In an aspect of the invention, the data integration module 110 verifies certain information contained in data 105 in step 320. The verification step 320 may ensure that the necessary information is present to properly store a copy of the data and may allow the data to be organized by medical case, patient, and healthcare provider. In some embodiments, the verification step 320 also ensures that the data contains any required information depending on the type of data that is being stored. In some embodiments, once the data 105 is verified in step 320, then the data integration module 110 passes a copy of the data 105 to a data conversion module 140, which converts the data 105 in step 325. In step 327, after the data 105 is converted in step 325, the data 105 may be verified again to ensure that the data meets further requirements that are discernible once the data 105 is converted. In step 330, the data 105 is passed to the memory module 120. In some embodiments, if the data 105 is not verified, the system, in step 340, alerts the appropriate user of the irregularity or non-conformity of the data. The user is then prompted to correct, add or re-submit the appropriate data, which will then enter the system in step 310 as previously explained.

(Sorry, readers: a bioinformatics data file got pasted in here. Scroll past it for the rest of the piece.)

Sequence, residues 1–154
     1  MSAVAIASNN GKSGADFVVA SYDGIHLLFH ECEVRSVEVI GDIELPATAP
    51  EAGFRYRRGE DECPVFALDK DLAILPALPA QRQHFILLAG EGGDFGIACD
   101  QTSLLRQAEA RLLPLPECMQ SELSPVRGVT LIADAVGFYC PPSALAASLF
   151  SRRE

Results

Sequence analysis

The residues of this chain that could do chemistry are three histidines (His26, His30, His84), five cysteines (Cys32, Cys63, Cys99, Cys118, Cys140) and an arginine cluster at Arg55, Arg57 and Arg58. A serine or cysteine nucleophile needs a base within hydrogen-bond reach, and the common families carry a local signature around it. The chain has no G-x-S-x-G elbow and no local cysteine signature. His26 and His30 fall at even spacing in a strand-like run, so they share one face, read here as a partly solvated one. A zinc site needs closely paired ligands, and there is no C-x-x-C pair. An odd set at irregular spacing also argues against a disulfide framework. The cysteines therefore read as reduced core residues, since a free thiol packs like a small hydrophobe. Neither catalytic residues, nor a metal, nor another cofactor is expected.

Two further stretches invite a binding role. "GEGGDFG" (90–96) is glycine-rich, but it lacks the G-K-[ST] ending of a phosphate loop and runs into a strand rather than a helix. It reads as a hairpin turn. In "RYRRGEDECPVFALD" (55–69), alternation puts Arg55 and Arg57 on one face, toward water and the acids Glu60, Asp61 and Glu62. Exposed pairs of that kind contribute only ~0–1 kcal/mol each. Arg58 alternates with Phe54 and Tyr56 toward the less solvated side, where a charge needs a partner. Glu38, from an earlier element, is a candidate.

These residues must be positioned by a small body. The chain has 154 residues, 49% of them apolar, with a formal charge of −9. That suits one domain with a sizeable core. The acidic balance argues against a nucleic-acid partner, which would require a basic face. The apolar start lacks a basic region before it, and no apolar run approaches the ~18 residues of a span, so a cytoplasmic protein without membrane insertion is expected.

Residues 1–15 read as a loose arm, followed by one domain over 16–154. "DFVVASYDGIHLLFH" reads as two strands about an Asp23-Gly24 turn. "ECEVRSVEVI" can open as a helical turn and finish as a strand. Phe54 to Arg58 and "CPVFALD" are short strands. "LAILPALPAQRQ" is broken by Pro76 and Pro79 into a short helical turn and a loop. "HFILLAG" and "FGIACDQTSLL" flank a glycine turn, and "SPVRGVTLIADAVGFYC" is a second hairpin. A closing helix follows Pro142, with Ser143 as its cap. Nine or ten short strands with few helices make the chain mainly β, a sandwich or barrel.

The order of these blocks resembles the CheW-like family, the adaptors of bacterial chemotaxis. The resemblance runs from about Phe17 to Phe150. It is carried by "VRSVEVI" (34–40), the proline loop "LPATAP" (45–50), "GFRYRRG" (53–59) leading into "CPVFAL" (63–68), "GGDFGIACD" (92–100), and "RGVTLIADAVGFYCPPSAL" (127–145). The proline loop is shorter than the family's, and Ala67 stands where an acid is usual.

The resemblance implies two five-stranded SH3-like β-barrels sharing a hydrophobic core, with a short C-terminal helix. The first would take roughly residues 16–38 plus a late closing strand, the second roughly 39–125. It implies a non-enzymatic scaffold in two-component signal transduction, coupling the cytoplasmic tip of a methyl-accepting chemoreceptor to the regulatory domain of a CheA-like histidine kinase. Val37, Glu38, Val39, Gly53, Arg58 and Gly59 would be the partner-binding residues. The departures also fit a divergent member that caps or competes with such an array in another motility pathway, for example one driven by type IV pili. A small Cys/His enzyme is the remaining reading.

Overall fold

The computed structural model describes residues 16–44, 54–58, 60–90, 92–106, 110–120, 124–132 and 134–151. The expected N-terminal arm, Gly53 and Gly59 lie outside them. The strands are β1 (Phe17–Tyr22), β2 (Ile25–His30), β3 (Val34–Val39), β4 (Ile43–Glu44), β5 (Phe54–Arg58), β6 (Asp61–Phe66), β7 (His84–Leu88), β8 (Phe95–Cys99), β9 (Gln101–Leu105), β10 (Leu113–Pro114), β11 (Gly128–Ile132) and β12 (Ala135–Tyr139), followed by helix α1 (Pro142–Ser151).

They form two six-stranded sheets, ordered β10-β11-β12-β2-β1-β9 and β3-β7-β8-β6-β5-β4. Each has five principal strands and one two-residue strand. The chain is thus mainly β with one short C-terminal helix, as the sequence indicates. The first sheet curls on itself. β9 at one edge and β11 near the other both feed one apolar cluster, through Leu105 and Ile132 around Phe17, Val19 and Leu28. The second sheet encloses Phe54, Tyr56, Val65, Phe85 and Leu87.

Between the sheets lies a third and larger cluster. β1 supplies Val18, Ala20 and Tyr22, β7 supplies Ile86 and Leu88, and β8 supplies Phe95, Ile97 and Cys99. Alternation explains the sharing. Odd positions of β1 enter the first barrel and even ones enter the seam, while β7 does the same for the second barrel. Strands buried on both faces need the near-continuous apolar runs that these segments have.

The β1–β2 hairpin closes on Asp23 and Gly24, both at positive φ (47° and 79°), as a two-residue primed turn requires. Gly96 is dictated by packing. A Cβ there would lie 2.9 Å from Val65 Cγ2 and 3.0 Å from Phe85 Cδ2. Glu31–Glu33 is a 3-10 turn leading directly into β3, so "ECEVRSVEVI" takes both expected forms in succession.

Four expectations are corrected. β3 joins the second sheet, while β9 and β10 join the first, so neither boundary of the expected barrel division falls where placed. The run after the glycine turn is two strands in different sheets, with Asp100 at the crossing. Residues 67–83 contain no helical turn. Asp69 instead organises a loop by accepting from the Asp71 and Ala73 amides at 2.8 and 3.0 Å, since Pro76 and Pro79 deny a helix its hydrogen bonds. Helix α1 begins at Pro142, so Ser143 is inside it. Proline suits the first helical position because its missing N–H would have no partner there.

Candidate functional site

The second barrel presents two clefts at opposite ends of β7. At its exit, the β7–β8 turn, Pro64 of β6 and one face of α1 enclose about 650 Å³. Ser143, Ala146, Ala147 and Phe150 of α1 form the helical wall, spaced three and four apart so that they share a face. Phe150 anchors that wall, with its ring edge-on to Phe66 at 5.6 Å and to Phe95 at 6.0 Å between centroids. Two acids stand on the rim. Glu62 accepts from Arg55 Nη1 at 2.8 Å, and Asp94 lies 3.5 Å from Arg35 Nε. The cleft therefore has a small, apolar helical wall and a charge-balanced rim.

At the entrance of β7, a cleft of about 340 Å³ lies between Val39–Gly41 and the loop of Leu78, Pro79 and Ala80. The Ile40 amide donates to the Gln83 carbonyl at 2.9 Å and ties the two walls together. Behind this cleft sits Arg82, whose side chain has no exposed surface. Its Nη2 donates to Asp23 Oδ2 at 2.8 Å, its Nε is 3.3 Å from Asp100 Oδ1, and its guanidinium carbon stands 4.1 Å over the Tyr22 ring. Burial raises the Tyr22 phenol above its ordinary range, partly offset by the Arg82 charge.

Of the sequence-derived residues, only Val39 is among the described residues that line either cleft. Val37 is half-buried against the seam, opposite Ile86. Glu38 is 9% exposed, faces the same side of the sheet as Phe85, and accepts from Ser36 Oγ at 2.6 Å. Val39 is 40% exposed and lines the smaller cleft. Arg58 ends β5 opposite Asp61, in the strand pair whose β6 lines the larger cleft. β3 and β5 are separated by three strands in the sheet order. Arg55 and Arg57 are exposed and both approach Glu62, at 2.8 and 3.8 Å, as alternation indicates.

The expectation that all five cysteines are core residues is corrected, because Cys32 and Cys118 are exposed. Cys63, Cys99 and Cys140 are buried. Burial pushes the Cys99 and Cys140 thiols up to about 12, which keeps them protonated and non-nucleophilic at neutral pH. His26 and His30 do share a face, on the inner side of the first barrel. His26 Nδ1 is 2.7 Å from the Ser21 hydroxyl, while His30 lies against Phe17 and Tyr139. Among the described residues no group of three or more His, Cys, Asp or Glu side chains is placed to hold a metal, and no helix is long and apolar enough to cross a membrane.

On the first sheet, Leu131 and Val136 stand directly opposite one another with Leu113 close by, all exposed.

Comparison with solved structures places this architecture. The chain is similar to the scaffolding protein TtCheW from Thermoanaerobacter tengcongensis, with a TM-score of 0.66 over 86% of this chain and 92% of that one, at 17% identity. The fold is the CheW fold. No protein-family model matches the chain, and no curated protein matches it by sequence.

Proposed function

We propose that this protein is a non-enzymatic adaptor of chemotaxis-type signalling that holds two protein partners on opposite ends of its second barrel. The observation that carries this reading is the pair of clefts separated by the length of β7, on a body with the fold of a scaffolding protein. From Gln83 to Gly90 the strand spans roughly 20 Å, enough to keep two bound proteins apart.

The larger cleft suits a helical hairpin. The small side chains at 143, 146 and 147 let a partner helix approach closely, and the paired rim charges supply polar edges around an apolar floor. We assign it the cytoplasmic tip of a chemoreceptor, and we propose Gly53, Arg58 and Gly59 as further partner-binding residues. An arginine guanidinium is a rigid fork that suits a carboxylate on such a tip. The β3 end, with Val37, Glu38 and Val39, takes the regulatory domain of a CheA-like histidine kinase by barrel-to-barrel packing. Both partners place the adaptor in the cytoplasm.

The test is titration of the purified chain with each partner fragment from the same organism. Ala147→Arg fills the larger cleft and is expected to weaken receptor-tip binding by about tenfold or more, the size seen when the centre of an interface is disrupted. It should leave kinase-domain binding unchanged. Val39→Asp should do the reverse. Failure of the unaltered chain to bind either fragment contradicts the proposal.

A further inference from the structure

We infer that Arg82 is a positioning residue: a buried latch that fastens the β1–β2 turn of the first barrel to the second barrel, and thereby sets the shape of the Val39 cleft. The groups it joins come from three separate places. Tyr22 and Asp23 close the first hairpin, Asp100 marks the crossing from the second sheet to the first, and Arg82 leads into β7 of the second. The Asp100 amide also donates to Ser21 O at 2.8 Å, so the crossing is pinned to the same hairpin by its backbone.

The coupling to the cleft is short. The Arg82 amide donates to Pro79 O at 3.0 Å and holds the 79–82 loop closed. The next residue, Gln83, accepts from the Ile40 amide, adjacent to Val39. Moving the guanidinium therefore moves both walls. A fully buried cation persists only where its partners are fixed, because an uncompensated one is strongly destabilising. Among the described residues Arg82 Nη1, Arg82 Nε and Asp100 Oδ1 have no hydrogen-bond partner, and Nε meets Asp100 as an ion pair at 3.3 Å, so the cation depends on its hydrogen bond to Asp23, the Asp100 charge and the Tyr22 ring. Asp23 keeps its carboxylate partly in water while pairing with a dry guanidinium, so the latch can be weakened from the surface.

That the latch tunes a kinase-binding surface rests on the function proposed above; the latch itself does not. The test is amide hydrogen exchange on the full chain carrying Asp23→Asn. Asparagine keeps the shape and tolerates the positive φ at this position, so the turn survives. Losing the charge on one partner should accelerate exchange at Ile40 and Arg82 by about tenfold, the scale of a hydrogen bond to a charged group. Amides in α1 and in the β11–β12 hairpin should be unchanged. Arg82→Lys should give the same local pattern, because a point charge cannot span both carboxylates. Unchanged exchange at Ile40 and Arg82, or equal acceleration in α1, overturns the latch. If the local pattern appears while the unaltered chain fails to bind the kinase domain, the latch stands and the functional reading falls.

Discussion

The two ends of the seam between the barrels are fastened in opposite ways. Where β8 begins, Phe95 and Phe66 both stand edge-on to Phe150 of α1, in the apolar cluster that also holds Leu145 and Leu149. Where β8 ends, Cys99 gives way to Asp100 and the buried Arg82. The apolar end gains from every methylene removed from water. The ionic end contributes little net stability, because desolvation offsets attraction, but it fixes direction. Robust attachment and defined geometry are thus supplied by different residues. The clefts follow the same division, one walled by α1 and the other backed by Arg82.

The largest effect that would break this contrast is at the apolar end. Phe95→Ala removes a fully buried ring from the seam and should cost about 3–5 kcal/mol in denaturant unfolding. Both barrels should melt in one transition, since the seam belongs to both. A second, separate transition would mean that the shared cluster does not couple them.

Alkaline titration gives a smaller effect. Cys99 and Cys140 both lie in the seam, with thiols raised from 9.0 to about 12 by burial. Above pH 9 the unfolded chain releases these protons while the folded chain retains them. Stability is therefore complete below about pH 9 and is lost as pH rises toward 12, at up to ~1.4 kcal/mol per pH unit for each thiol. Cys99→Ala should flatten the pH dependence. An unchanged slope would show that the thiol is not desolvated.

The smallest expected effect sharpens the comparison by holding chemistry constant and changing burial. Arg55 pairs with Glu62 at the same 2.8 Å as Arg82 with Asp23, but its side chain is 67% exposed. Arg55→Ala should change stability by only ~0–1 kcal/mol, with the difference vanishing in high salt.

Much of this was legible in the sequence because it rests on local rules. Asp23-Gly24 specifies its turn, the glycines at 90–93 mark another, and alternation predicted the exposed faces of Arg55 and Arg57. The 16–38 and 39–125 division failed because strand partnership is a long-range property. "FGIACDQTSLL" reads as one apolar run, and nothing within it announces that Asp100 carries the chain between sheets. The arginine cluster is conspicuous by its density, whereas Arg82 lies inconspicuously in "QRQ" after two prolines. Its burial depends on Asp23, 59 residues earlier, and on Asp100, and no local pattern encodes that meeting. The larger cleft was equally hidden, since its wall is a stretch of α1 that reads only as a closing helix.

The memory module 120 may store the data in a memory 125. The memory 125 may be any type of storage such as a database or any other type of data repository as would be understood by one skilled in the art. The memory 125 may be any component, device, or computer-readable medium that is used to maintain information to be accessed at some later time. The memory 125 may also reside in one location or may be spread out over multiple physical and virtual locations.

In some embodiments, the system includes a filtration module 130. The filtration module 130 may filter data received from healthcare providers so that only the desired data is stored in the memory 125 of the system. In one embodiment, the filtration module 130 may be used to exclude all information provided by a healthcare provider that is not related to occupational healthcare. Such an embodiment may be used to create a barrier, separating private data from medical data related to occupational healthcare. The filtration module 130 may be configured to filter data at any point prior to the system allowing access to the data.